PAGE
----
An EIGHT-year-old girl from Ponthirwaun is one of 70 entrants from the Royal Photographic Society’s Science Photographer of the Year competition who has been chosen to exhibit her image at an exhibition at the Science Museum in London.

Xzvannah Kentish, a pupil at Ysgol Y Ddwylan in Newcastle Emlyn, is the youngest entry to have taken part in the competition.

Her image is entitled ‘Sky at Knight’ and was taken of her brother Casper - who himself has already enjoyed success on the international photography stage - one day after school when he was trying out his new telescope.

She said: “The moon was out when it was still bright and I went out with my Ipad to see if I could take some pictures of the moon too.

“He was hogging it to himself and it was getting cold so instead of taking pictures of the moon I took pictures of him looking at the moon. When I was taking the pictures I saw my mum’s knight called Harry looked like he was looking at us so I moved round a bit.”

The free exhibition will comprise the highlights of the competition in which entrants were required to take a visually appealing picture that tells a science story either with a camera or smart phone.

The exhibition will be held in The Studio on the second floor of the Science Museum’s iconic building on Exhibition Road, London. Seventy images will be on display from October 7 until January 5, 2020, in a purpose-designed gallery space, intended to allow viewers time to absorb the images and their background stories.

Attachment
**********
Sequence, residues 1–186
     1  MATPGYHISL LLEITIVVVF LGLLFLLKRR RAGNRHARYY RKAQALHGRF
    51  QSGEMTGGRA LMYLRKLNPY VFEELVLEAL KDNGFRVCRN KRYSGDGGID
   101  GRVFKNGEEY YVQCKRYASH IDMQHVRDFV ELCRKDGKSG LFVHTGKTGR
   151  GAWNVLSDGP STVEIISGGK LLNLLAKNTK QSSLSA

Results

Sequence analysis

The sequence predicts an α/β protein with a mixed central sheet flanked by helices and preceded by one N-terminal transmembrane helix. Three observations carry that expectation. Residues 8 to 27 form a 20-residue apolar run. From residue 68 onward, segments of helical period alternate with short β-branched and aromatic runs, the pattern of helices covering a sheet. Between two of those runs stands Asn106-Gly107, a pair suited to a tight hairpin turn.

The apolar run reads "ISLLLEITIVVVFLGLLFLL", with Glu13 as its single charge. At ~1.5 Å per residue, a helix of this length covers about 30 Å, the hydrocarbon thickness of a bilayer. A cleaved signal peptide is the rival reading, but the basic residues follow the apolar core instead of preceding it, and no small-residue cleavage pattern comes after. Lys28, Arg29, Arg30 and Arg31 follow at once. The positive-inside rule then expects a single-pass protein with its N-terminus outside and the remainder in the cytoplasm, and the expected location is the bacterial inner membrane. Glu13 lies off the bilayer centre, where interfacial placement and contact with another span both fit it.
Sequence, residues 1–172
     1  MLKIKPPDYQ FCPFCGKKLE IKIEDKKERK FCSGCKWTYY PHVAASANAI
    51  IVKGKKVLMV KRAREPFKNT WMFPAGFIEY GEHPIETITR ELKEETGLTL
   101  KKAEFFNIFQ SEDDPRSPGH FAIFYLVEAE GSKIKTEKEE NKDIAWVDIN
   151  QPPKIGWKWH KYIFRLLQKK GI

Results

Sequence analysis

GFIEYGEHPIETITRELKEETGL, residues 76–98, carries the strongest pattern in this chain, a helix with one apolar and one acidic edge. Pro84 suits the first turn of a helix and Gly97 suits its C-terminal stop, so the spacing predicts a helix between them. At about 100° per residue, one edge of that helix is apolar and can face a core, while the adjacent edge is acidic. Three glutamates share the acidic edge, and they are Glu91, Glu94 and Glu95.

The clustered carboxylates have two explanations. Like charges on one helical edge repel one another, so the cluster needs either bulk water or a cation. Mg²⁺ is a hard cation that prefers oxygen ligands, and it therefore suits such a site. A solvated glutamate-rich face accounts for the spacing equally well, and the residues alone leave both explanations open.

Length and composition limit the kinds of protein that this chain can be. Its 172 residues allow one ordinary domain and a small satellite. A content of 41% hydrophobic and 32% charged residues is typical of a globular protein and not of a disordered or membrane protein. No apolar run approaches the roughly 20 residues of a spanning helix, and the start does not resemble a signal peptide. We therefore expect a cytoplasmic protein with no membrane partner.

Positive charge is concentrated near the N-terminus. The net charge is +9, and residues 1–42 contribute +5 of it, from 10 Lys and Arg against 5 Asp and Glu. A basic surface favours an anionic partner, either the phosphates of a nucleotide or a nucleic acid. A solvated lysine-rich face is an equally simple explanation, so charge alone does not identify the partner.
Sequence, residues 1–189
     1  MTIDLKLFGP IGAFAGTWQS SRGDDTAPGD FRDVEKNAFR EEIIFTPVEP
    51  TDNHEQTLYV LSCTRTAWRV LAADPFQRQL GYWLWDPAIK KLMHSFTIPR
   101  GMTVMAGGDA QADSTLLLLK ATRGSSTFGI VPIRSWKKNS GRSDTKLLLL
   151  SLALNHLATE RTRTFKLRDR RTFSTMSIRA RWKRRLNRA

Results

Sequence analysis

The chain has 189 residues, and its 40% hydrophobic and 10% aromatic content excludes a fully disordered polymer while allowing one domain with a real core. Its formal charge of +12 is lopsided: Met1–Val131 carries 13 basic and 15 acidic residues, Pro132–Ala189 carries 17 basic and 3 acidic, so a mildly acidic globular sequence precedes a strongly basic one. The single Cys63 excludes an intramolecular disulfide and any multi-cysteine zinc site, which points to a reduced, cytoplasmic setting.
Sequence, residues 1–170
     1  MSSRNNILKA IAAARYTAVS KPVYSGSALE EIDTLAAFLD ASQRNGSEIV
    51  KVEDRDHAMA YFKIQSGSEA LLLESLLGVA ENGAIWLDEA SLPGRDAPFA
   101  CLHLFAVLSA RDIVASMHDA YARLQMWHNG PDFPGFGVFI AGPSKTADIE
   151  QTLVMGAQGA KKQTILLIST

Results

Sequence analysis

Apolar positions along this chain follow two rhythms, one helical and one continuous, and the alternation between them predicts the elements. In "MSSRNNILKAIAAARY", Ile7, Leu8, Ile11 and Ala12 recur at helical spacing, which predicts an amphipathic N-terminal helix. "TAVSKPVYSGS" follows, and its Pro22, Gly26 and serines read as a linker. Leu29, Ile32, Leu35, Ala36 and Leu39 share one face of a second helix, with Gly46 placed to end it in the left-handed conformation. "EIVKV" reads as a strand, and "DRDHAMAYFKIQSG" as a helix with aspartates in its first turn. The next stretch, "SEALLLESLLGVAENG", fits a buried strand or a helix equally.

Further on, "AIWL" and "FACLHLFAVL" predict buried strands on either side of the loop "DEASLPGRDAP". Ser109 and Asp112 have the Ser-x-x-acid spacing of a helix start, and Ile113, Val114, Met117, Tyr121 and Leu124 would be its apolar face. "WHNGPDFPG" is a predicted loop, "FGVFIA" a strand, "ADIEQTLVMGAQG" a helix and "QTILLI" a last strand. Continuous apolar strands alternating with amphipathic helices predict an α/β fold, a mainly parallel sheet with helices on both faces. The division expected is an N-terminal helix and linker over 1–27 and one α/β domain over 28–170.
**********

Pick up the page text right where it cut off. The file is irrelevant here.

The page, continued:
The expert panel of selectors were TV presenter Dallas Campbell; the Science Museum’s Roger Highfield; designer, materials engineer and television presenter Dr Zoe Laughlin and medical imaging expert Catherine Draycott.

Dallas Campbell said: “There was a very high standard of images spanning a huge range of subjects from the microscopic to the grand scales of the human world and beyond. Technically stunning and brimming with arresting ideas.”

RPS Science Exhibition Coordinator, Gary Evans says, “Science has always been integral to photography and photography remains essential to science as a tool for research and for communicating it to the public. The RPS is delighted to be exhibiting at the Science Museum, where we are sure the images will engage, entertain and educate in equal measure.”

The competition was open to all ages and levels of expertise and there were two categories; Science Photographer of the Year and Young Science Photographer of the Year (under 18 years old). The overall winners will be announced on October 7.